Everyone in a business environment expects that the client will want to get a good price but many will not ask for discount or negotiate their prices. Thus the Indians capitalize on this when it comes to foreign tourists.

Shops are making a good mark-up whether fixed price or not, but you are deprived of the really fun experience of bargaining in the case of fixed price shops. The vendor never loses either as they will not let you pay less than they know will cover their overheads or they would be totally crazy. There are odd exceptions to this but they tend to only allow articles to be sold for cost price if they know you and undersatnd that you will give them further business. It is a gesture of good faith.

Not bargaining is madness when you see the results. Just because it is cheaper than at home does not mean it is a good price for the tourist and this is where the more knowledgeable or long-term tourist or local can suffer.

I have seen tourists pay MUCH more for an item than they would pay in a shop like Primark in the UK - where the goods originate from India AND are better quality than the item just purchased here!!!! I thus work on the principle that if I can get it in London for that price at Primark then OK – if not – forget it or bargain further!

Unfortunately of all the seven sins I feel that greed is the most prevalent in this day and age. Greed breeds more greed and when the Indians in Goa see someone paying 2 – 3 times more than he knows it is worth, he will then EXPECT everyone to settle for a higher price. This is not just with shops though – this crosses over to accommodation and hotels booked through the Internet.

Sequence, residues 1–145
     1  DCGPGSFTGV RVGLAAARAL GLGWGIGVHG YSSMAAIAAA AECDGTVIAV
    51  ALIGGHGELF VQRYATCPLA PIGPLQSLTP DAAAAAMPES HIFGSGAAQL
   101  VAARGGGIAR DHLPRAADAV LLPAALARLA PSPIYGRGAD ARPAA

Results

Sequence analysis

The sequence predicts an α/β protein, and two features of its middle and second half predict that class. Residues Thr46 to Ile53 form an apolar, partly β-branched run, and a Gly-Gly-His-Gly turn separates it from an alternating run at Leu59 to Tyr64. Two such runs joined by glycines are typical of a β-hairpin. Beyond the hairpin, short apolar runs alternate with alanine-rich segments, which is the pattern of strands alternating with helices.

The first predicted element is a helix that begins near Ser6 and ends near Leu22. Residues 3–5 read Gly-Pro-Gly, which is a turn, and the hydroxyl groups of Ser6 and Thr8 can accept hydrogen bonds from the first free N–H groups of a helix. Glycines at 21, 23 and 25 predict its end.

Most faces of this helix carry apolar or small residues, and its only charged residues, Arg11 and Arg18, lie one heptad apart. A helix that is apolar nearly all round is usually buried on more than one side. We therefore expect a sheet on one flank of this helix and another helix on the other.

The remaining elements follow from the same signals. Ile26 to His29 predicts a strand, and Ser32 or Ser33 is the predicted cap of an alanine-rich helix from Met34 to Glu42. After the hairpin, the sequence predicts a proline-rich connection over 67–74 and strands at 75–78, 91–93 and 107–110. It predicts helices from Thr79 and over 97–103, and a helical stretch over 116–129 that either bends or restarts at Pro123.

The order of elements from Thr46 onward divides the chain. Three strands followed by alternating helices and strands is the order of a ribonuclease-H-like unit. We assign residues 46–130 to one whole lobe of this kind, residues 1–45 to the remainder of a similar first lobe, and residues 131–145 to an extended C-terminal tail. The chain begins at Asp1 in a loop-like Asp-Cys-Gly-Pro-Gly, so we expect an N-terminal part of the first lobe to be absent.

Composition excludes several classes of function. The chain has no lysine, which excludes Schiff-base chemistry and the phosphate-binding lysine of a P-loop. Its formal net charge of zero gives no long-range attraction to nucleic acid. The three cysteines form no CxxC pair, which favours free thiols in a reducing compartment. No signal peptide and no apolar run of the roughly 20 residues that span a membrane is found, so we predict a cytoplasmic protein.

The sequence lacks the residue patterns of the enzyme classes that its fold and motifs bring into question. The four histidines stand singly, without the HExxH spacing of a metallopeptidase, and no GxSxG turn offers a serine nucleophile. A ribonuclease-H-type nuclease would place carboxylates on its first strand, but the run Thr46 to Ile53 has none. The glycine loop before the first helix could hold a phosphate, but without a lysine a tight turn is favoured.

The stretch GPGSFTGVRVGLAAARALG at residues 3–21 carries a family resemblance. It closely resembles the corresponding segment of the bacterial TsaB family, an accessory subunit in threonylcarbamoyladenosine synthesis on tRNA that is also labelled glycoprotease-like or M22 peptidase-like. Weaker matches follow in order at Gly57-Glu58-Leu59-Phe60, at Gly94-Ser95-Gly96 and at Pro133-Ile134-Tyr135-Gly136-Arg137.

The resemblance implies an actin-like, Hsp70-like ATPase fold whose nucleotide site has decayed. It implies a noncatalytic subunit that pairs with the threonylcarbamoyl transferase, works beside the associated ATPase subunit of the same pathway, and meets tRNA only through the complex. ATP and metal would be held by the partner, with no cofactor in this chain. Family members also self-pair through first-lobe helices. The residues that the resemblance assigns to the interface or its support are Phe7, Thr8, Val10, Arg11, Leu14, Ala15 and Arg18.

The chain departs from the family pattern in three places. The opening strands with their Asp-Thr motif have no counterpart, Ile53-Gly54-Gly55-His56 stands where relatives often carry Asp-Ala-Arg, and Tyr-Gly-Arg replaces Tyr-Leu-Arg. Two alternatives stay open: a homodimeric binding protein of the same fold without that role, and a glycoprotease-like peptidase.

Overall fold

Prices in fair business should really always be cost + a mark-up – this is acceptable business practice everywhere. Several years ago when I ran employment agencies we budgeted on an AVERAGE mark-up of 29% for temporary worker supply. This then accounted for our pay rolling, tax and small profit. Our clients knew it and accepted it also.

Thus we could negotiate some prices when it came to bulk business and I did this effectively on a regular basis, so that eventually I was promoted and responsible for the national account handling of large multinational businesses such as IBM, Honeywell and Wang.

In fact, even in the shops in the West most prices do seem to be negotiable – I recall one year when I was in London I negotiated with an Optician from whom I was buying contact lenses – for a pair of glasses as well as the lenses I secured a 15% discount on total price.

So it strikes me that if we are too timid or proud to ask for a reduced rate then we have to settle for the price displayed. If however, we are prepared to have our request rejected then we can bargain and often get a good result.

After all, in the worst case scenario we will only be denied the bargain!

Thereby possibly hangs the real problem with some people – they take rejection personally and can’t handle it…………….. so don’t risk asking in the first place!

Thank you for reading